Most general purpose computers designed since 1970 have had similar memory models, and since 1980, most have used 32-bit words, like the Hawk, or even 64-bit words. One big distinction divides these computers. Some count bytes within a 32-bit word from left to right – these are described as highbyters or bigendian machines (a reference to Gulliver's Travels), while others count bytes from right to left – these are described as lowbyters or littleendian machines. The Hawk is a lowbyter, as is the Intel Pentium. There is little reason to claim that one approach is better than the other, but mixing them leads to trouble.

Divisions of a Hawk 32-bit word
31 30 29 28 27 26 25 24 23 22 21 20 19 18 17 16 15 14 13 12 11 10 09 08 07 06 05 04 03 02 01 00
byte 3 byte 2 byte 1 byte 0
halfword 1 halfword 0

Like most modern computers, the Hawk assigns a distinct integer memory address to each byte in memory, and it allows addressing of bytes, halfwords and words, so we may view memory as an array of bytes. The Hawk memory addressing scheme does not allow individual bits of memory to be given distinct addresses. As with most other computers, if you want to set, reset or test a single bit, you must do this with operations on larger chunks such as bytes or words, we will discuss at length later.

Hawk memory seen as an array of 8-bit bytes
07 06 05 04 03 02 01 00
byte 0
byte 1
byte 2
byte 3

Hawk memory seen as an array of 16-bit halfwords
15 14 13 12 11 10 09 08 07 06 05 04 03 02 01 00
halfword 0
halfword 2
halfword 4
halfword 6

Hawk memory seen as an array of 32-bit words
31 30 29 28 27 26 25 24 23 22 21 20 19 18 17 16 15 14 13 12 11 10 09 08 07 06 05 04 03 02 01 00
word 0
word 4
word 8

Whether memory is viewed in terms of bytes, halfwords or words, the memory addresses are always the address of the first byte in the given unit, so word 0 contains halfwords 0 and 2 or bytes 0, 1, 2 and 3. Word 4 contains halfwords 4 and 6 or bytes 4 to 7. Word 8 contains halfwords 8 and 10 or bytes 8 to 11.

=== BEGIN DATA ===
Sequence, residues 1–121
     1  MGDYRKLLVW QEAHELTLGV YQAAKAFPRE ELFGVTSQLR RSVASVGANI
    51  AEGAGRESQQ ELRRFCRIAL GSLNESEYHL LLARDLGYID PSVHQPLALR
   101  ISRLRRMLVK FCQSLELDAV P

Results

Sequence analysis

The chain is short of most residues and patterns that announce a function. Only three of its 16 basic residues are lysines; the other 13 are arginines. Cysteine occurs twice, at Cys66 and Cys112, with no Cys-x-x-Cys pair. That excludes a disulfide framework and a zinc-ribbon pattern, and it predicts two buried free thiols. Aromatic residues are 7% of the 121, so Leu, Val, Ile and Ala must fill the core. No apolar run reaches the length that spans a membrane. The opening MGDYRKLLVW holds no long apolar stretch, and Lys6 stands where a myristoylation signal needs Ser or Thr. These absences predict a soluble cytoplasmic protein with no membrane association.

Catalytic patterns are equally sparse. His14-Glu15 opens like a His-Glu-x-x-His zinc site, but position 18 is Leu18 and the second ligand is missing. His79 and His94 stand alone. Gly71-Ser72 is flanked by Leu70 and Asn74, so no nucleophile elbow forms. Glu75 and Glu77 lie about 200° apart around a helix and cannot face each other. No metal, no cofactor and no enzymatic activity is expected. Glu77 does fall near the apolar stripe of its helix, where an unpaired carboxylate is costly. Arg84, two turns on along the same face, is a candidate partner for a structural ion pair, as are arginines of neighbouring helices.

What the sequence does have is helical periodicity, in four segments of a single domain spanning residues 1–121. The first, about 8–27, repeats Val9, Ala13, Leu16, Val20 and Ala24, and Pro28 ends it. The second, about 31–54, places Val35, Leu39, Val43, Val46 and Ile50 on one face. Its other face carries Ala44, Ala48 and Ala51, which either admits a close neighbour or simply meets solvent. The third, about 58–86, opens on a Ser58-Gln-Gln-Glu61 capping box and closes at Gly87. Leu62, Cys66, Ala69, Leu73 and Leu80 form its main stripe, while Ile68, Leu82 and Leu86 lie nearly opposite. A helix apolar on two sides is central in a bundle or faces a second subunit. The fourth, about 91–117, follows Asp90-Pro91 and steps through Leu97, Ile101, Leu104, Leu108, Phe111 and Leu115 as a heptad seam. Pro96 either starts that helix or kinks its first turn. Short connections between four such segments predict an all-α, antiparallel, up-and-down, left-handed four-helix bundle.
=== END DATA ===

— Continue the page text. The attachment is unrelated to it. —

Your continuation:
The Hawk memory seen as bytes, halfwords and words
07 06 05 04 03 02 01 00
  word 0     halfword 0   byte 0
byte 1
halfword 2 byte 2
byte 3
word 4 halfword 4 byte 4
byte 5
halfword 6 byte 6
byte 7


a) Pick a sequence of 4 consecutive memory addresses starting at a randomly chosen address and identify which of them are valid byte addresses, halfword addresses and word addresses. (If this is a homework assignment, use the due date as your random address, forming the numerical month, day and year in the form MM/DD/YY into a 6-digit decimal number MMDDYY and using that as your starting address).

Memory Addresses in C

C (and C++) allow you to declare variables that hold a memory address. These are called pointer variables or just pointers. The most common use of pointers in C is as handles on objects, but they have other (and more dangerous) uses. Because memory may be viewed as an array of bytes, an array of halfwords, an array of words, or other data types, C requires you to declare the type of the object you are referecing with a pointer.

Declaring pointers in C
void* a;	/* points to an object of unspecified type */
char* b;        /* points to a character (a byte?) */
short int* c;   /* points to a short integer (a halfword?)*/
int* d;		/* points to an integer (a word?)*/
long int* e;	/* points to a long integer (a double word?)*/